Tragedies and joys are the loveliest and loneliest times of your life. You see who your friends are, you see who wants to understand what you’re going through. Ultimately though your life is only your journey. Even Tom G has had his own journey through this grief and subsequent joy. As my belly grows and my worries compound and multiple and intensify, I will try and remember what I already survived. I will try and keep hoping.

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  1. Marilyn says:

    I can so relate to your post!!! Before having our 3 successful pregnancies, when we went through loss, I was devastated. I never, ever saw any kinds of odds the same way as before. Once you know the devastating effect can happen to you and has, it’s hard to keep hoping and being vulnerable to the risk that is unknown. If the loss happens to us, it’s 100% of our world that’s affected, including how we see hope for the future. Your thoughts make perfect sense to me, as I shared them,too.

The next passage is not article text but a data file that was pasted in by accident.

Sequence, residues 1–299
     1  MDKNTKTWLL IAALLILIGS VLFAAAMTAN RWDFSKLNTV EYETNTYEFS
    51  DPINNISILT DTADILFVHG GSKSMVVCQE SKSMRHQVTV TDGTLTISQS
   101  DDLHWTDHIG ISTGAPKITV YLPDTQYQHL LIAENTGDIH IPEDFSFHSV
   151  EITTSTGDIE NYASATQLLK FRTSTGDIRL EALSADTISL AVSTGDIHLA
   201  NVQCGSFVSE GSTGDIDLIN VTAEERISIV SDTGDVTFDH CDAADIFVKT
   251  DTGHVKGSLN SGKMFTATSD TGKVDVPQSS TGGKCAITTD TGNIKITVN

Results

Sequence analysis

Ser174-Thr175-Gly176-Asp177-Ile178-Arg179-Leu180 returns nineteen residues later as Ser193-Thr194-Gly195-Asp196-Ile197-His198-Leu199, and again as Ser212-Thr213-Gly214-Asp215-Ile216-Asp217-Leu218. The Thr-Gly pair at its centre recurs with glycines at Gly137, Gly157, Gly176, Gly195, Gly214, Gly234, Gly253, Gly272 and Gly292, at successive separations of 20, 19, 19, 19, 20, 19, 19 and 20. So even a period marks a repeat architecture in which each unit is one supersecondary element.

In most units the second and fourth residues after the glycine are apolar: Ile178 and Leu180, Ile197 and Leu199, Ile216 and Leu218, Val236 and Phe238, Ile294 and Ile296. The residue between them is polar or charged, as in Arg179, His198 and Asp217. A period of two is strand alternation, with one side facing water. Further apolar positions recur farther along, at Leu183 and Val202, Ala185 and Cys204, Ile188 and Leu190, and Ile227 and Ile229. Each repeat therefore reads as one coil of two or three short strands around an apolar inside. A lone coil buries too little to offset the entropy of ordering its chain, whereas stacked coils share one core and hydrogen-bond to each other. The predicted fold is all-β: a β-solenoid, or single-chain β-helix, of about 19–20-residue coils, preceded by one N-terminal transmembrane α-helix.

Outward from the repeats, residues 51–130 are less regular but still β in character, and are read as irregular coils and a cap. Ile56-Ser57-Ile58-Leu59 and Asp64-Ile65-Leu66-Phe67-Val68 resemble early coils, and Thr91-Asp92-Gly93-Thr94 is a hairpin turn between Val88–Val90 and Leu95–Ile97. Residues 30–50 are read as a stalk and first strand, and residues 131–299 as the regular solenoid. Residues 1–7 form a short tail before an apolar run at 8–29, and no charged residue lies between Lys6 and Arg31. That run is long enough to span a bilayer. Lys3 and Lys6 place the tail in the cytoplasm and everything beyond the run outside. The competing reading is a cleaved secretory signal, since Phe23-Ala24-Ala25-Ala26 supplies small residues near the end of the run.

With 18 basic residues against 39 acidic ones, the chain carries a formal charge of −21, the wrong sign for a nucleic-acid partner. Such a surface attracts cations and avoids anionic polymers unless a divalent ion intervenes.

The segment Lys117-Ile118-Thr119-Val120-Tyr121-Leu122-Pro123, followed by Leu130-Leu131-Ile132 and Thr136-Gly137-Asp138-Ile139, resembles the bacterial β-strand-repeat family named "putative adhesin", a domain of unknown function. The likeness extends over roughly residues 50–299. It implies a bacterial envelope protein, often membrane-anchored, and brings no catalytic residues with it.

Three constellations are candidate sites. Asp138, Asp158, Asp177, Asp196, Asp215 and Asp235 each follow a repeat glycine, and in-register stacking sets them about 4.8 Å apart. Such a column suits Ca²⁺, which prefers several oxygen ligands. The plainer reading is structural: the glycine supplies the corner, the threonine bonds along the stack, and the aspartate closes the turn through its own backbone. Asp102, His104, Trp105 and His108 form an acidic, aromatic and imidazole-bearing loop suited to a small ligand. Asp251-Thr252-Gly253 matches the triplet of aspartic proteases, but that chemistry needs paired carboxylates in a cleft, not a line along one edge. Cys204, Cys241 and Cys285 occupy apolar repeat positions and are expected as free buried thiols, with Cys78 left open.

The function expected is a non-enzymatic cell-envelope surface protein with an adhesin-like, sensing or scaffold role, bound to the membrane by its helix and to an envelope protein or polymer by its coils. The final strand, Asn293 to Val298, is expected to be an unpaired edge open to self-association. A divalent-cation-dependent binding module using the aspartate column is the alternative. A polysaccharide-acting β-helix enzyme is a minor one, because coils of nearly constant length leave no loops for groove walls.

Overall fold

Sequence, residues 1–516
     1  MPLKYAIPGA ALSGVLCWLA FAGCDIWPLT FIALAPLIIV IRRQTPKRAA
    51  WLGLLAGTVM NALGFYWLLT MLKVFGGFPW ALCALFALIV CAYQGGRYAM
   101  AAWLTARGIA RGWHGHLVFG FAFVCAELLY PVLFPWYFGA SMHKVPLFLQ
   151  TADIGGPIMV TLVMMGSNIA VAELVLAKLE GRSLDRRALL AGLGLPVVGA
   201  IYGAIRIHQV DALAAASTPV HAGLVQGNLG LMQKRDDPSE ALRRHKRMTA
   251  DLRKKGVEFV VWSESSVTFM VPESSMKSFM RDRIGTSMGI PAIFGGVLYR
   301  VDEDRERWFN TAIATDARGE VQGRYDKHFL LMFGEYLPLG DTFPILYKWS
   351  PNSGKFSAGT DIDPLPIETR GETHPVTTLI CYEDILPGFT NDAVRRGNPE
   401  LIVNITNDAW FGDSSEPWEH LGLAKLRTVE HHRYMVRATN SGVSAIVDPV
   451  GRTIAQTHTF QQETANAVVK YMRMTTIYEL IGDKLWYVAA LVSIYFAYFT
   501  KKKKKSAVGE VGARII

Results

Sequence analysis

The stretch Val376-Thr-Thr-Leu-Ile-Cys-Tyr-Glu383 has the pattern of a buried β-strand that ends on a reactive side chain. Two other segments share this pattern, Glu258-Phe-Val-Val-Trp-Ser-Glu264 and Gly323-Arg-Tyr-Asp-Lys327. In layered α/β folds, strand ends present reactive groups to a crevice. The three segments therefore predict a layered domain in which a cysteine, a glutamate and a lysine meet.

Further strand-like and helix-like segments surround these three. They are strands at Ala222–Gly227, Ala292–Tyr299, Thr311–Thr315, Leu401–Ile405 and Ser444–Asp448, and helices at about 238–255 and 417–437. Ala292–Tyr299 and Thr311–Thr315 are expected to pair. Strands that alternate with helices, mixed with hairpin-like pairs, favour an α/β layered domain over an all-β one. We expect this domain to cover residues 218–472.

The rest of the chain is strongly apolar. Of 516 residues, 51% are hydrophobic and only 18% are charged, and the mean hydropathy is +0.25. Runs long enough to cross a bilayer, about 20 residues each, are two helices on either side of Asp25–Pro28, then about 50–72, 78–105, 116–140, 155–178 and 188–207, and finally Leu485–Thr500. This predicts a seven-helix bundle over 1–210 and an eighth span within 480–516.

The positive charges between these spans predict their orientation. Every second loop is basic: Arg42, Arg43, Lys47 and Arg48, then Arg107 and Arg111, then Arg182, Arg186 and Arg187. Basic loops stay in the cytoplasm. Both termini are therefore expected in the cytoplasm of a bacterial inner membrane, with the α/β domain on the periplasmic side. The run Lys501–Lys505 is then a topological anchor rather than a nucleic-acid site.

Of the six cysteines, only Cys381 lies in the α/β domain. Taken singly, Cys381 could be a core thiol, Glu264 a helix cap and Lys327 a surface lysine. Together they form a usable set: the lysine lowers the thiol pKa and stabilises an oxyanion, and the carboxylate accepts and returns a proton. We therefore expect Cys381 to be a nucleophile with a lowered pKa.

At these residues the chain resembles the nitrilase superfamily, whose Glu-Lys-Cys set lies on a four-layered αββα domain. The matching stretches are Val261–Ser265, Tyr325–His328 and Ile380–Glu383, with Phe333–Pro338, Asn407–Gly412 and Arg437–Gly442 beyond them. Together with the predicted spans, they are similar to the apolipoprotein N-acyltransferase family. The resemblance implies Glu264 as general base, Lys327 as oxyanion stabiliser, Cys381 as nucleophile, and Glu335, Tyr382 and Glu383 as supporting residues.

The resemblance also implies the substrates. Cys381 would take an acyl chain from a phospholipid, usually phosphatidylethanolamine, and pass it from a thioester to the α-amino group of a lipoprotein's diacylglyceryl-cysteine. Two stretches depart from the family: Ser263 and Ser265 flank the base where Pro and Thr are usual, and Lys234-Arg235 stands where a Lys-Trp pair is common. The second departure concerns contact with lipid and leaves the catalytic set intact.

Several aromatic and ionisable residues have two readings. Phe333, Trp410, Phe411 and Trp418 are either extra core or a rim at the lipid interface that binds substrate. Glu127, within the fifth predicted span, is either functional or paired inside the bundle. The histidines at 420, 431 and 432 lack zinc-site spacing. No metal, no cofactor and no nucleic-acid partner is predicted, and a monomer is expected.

I also remember reaching the point where it became undeniable that the babies were real! It was harder to stay detached and panic from almost outside of body, as though watching someone else’s life. It became so much more personal again. I also remember feeling that I had lost a piece of myself with the deep-seated grieving & aching, numbing pain we lived through, and wondering what would/could possibly be left to salvage if I went through a loss like that again. I was so afraid of fidning out!

    Yes, our husbands go through the loss, too, but differently. It’s hard for them to not be able to protect us or make everything okay. It’s hard to voice their emotions as men who are often taught to be tough and that showing emotions= weakness. It’s also harder because they aren’t always as aware as early on as women are of the little being growing because it’s not their bodies/cravings/energy levels changing. Sometimes I think they’re robbed a bit because of that…they don’t quite ‘get’ to experience the baby’s presence until we start to show or baby starts to kick.

    Rooting for you!!!

  2. Leslie Ann says: